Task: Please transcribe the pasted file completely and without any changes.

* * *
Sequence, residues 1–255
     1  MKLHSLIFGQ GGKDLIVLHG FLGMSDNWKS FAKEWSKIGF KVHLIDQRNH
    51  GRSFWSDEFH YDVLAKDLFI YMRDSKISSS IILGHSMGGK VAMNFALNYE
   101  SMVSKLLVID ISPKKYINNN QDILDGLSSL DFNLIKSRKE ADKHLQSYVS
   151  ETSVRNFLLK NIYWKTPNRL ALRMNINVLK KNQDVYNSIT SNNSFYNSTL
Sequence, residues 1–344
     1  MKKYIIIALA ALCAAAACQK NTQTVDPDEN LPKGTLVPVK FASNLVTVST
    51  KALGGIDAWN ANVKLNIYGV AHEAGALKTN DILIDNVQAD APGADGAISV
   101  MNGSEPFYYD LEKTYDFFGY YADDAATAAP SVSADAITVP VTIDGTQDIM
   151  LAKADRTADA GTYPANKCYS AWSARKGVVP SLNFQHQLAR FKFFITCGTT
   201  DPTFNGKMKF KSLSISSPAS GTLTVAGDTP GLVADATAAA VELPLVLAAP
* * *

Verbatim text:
Sequence, residues 1–255
     1  MKLHSLIFGQ GGKDLIVLHG FLGMSDNWKS FAKEWSKIGF KVHLIDQRNH
    51  GRSFWSDEFH YDVLAKDLFI YMRDSKISSS IILGHSMGGK VAMNFALNYE
   101  SMVSKLLVID ISPKKYINNN QDILDGLSSL DFNLIKSRKE ADKHLQSYVS
   151  ETSVRNFLLK NIYWKTPNRL ALRMNINVLK KNQDVYNSIT SNNSFYNSTL
Sequence, residues 1–344
     1  MKKYIIIALA ALCAAAACQK NTQTVDPDEN LPKGTLVPVK FASNLVTVST
    51  KALGGIDAWN ANVKLNIYGV AHEAGALKTN DILIDNVQAD APGADGAISV
   101  MNGSEPFYYD LEKTYDFFGY YADDAATAAP SVSADAITVP VTIDGTQDIM
   151  LAKADRTADA GTYPANKCYS AWSARKGVVP SLNFQHQLAR FKFFITCGTT
   201  DPTFNGKMKF KSLSISSPAS GTLTVAGDTP GLVADATAAA VELPLVLAAP